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  Lady Frances “Fanny” Jocelyn, Photographer

Frances Elizabeth Cowper, the youngest daughter of Earl Peter Leopold Louis and Lady Emily Lamb Cowper, was born in London, England on February 9, 1820. When she was 17, her father died, and Mrs. Cowper subsequently married Henry John Temple, known as the Viscount Palmerton. Her stepfather was a trusted confidant of Queen Victoria, and this royal affiliation led to a lasting association with the royal family. Twenty-one-year-old Lady Frances, known as ‘Fanny’ by her family and friends, married Viscount Robert Jocelyn on April 27, 1841. Settled on the Jocelyn estate in Northern Ireland, the ambitious young Viscount was elected to various parliamentary posts. Meanwhile, Viscountess Jocelyn served as a member of the royal court, and received the title Extra Woman of the Bedchamber in 1842. The busy couple had six children, two of whom died in infancy.

By 1853, Viscount Jocelyn was now Lieutenant-Colonel Jocelyn, and while stationed with his unit in the Tower of London, he contracted cholera. When he died on August 12, 1854, the widow and her children returned to England to live with her mother and stepfather. Within a few years, she moved her family to the picturesque White Rock Villa estate, near the seaside village of St Leonards-on-Sea, and sought to capture the stunning landscape in photographs. It is believed Lady Jocelyn received her initial instruction from amateur photographer (and Royal Court member) Lord Dudley de Ros, Dr. Ernest Becker, and Royal Photographic Society member Graham Vivian. Within a few years, she was an active member of both the RPS and Amateur Photographic Association. One of her landscapes received an honorable mention at the International Exhibition, and her collodion works, “Four Views of Broadlands” and “Groups and Landscapes” received enthusiastic receptions when exhibited. However, unlike professional nineteenth-century photographers who regarded themselves as creative artists, she had no qualms about freely borrowing from commercial designs or adding watercolors to enhance her photographs.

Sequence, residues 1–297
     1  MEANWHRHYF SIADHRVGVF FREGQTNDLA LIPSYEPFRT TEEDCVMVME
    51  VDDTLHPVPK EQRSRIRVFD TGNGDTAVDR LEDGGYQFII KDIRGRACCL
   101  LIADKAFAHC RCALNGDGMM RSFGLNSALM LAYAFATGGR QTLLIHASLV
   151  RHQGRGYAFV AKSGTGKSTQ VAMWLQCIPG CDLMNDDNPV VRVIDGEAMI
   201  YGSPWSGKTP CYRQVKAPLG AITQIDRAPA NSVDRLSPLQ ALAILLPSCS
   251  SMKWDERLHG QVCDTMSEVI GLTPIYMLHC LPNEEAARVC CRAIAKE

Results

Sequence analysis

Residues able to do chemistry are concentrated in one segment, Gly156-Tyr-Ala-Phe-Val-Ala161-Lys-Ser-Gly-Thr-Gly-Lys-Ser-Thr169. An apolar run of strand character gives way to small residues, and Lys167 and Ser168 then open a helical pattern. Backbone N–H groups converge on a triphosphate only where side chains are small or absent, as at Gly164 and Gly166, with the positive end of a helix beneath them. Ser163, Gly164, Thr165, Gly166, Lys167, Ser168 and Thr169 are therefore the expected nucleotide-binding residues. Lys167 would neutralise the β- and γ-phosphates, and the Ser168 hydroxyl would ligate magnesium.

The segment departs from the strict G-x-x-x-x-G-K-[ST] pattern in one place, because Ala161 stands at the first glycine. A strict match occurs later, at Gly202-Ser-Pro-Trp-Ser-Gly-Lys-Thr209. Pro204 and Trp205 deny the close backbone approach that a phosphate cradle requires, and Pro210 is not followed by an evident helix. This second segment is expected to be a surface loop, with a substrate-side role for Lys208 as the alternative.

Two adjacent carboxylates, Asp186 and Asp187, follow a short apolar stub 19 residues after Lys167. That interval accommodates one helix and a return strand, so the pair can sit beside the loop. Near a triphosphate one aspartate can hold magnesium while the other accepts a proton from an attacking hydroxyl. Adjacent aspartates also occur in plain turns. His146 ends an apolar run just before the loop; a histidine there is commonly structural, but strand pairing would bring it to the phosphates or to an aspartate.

Throughout the 1860s and 1870s, Lady Jocelyn produced six photographic albums that featured imaginative montages celebrating family life, using circles and diamonds to symbolize familial love and loyalty. However, in her “Drawing Room” photograph, the manipulation of light and shadow suggests feminine confinement within the domestic space. As the shadowed woman looks out the brightly lit window, there is conveyed an imprisonment within the household walls, with only a glimpse of the freedom that lurked beyond.

As author and art historian Eugenia Parry Janis has observed, the photographic collages created by aristocratic women like Lady Jocelyn reveal the “psychological directness” that reflects their family lives. Medical maladies dogged the Jocelyn family, as Fanny’s surviving children each succumbed to tuberculosis. This succession of tragedies may have inspired one of Lady Jocelyn’s most famous collages, which features her as a ‘bulls-eye’ target that comes in close proximity to surrounding arrows. With her own health now failing as well, Lady Jocelyn settled in Cannes, France, in the late 1870s. She died quietly in the resort town on March 24, 1880 at the age of 60. Several of her photographic albums are currently housed within the National Gallery of Australia in Canberra.

2013 Capturing the Light by Roger Watson and Helen Rappaport (New York, NY: St. Martin’s Press), pp. 249-250.

2007 Encyclopedia of Nineteenth-Century Photography, Vol. I (New York: Routledge/Taylor & Francis Group LLC), pp. 775-777.

2019 Lady Frances (Fanny) Elizabeth Jocelyn (1820-1880) (URL:

2019 Norman Point, Going into Jersey, 2nd September 1846: Frances Elizabeth Jocelyn (URL:

2010 Playing with Pictures (URL://

2007 Very Important Photographs from the European, American and Australian Photography Collection 1840s-1940s by Anne O’Hehir (URL:

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